So, when an employee joins or leaves an organisation, they are bound to certain terms of employment which also include serving the notice period which can be from 15 days to 3 months, depending on the role and the organisation. The act of refraining from serving the notice period can be concluded as tolerating an act by the employer which attracts GST according to Section II of the CGST Act. 

According to the Gujarat Authority of Advance Ruling, if an employee refrains to serve the notice period, they have to pay 18% GST along with paying the salary amounting to unserved notice period to the company.

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Are We Expecting Another ITR Due Date Extension?

We are thinking about the same thing that you are! After numerous ITR due date extensions for the FY 2019-20, can we expect another one now? Considering the roller-coaster 🎢 ride that the year 2020 has been, we don’t know what to expect anymore. 🤔

The initial date to file ITR (tax audit not applicable) was 31st July 2020 that was extended to 30th September 2020 which in turn was extended to 30th November 2020. Since the world was being controlled by aliens 👽(perhaps), obviously that was not enough. As a relief to the taxpayers, the due date was extended to 31st December 2020. Yet again, the thriller 😵 movie that we have been a part of was far from ending and the deadline had to be pushed to 10th January 2021. (if tax audit is not applicable)

Let’s look at the latest due date extensions that were announced on 30th December 2020, just a day before the former deadline. 😌(relief much?!)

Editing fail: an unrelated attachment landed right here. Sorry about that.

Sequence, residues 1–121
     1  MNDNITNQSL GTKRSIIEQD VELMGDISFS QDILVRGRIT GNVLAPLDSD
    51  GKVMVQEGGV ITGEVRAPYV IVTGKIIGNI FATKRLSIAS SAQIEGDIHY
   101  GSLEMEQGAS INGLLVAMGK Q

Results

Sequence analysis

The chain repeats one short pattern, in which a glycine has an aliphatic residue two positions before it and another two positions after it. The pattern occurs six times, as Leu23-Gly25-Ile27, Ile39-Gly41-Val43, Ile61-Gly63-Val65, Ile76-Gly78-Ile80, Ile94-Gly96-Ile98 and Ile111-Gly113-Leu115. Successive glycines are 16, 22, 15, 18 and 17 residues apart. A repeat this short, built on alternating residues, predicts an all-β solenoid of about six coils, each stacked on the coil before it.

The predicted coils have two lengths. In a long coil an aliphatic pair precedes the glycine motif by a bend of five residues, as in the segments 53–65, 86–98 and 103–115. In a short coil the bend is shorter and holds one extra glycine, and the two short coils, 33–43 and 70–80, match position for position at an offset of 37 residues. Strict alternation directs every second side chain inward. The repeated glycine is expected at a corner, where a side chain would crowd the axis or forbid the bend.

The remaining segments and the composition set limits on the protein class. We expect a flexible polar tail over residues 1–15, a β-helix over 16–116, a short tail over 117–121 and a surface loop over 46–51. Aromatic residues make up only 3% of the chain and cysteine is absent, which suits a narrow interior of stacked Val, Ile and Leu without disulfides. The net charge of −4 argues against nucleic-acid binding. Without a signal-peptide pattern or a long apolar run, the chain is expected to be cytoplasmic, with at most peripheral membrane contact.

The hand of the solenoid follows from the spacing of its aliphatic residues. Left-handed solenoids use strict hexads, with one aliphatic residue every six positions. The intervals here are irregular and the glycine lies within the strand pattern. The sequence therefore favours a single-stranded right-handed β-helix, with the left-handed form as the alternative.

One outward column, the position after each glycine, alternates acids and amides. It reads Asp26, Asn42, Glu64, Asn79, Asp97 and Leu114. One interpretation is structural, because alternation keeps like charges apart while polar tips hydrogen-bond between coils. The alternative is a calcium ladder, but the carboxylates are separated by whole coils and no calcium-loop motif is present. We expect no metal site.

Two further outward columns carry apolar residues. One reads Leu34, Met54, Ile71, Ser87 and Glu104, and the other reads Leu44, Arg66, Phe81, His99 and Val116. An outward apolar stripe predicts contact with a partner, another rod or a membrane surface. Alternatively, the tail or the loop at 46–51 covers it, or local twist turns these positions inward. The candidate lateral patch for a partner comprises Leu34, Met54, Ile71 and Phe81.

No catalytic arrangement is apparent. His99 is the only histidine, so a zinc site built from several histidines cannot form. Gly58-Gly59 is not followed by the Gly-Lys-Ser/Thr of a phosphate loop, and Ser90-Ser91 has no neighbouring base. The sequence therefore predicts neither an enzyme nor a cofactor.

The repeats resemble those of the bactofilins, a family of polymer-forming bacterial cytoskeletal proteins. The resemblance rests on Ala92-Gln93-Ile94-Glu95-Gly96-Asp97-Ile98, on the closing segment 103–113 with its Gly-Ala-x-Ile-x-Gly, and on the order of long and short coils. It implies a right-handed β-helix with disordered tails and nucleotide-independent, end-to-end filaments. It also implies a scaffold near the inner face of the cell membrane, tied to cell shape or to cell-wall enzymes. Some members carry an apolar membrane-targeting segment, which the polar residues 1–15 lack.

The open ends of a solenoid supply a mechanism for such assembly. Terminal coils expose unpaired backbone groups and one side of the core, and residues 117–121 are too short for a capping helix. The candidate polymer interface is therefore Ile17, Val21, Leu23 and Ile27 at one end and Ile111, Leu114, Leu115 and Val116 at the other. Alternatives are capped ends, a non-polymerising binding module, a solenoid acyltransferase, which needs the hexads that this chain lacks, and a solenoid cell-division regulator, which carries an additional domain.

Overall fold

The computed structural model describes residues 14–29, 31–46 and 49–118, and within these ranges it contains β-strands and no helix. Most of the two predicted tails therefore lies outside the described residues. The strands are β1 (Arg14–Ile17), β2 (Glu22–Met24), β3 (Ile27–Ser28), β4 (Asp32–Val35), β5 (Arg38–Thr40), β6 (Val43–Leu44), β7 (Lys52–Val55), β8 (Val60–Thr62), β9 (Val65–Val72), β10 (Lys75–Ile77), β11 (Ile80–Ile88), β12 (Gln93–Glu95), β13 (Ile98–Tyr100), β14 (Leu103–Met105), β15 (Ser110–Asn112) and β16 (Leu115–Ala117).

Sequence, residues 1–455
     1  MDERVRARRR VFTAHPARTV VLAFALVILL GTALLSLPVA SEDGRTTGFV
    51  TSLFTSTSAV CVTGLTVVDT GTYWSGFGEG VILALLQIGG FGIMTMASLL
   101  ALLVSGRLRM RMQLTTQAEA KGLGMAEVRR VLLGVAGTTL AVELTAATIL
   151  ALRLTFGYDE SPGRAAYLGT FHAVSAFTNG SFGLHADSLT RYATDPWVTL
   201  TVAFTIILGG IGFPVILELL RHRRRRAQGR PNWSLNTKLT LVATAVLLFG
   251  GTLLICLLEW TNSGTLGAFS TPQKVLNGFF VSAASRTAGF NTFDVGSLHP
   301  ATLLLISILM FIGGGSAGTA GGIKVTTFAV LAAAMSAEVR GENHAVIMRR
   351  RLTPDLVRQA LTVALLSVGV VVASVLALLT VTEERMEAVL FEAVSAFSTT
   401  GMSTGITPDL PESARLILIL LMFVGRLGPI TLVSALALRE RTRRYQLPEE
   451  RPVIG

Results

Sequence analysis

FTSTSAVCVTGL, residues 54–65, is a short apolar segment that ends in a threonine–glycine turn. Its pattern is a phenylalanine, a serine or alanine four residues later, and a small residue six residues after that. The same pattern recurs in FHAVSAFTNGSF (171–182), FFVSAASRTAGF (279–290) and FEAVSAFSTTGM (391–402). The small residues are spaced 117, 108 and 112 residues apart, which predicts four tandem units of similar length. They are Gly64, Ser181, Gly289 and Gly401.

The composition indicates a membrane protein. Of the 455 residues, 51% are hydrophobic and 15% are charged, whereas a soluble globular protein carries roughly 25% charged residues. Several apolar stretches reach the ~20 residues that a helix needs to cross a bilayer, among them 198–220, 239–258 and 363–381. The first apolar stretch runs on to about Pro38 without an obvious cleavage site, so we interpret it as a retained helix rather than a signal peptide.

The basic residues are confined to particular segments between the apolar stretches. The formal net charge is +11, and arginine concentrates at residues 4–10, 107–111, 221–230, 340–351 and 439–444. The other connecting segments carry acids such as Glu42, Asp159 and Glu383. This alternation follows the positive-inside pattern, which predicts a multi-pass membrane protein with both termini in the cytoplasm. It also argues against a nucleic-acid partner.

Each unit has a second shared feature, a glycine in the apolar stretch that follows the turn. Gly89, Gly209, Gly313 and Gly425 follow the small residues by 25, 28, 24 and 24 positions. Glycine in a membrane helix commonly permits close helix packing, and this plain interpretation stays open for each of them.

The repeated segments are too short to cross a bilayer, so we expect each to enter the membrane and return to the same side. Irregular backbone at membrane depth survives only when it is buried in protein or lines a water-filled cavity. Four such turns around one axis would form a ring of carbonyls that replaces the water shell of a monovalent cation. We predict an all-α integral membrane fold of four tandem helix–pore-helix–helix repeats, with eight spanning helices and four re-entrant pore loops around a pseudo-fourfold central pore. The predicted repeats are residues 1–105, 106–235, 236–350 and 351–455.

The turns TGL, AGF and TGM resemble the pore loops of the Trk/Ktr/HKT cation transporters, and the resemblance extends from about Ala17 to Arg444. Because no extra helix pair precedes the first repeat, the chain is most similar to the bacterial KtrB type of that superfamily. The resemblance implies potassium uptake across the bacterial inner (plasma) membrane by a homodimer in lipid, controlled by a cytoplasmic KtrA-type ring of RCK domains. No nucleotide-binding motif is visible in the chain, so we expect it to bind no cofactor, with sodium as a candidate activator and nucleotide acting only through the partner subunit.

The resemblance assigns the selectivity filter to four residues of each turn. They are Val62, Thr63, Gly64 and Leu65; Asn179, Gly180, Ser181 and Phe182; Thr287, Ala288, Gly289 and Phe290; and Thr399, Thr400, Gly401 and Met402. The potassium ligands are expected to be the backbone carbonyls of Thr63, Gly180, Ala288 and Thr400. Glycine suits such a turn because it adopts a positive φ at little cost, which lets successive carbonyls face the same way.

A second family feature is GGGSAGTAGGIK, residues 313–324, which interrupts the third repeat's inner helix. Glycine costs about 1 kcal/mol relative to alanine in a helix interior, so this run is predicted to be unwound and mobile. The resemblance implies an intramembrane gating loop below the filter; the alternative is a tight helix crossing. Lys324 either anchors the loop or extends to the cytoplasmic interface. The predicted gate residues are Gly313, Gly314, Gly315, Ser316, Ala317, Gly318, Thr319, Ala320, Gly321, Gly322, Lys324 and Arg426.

With the ITD announcing due date extensions a day before the deadline, do you think it is bound to happen again? We are as clueless as you are! 😕

In retrospect, we almost had a year to ourselves just to file our ITR. With so many extensions it is normal for people to think another one might be on its way. But should we really be relying on what ifs?

As per the Income Tax Department statistics, a total of 6,21,680 ITRs have been filed on January 8, 2021, up to 4 PM. Further, around 1 Lakh ITRs were filed in just an hour’s time! Crazy, right?!

With only 2 days to go, it is time that we don’t hold our breath for ITR due date extension and act proactively. Do you think it is wise to wait till “tomorrow”? File your taxes in a jiffy and make the most out of your weekend!

Our weekend plans you ask? Depends on when you decide to file! 😛

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We don’t need a year to file our taxes when taxes have been made so simple. Check that one thing off your list and act now!

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Income Tax Return Filing Due Dates for FY 2019-20 (AY 2020-21) Extended!

Extended Income Tax Return Filing Due Date for FY 2019-20 (AY 2020-21)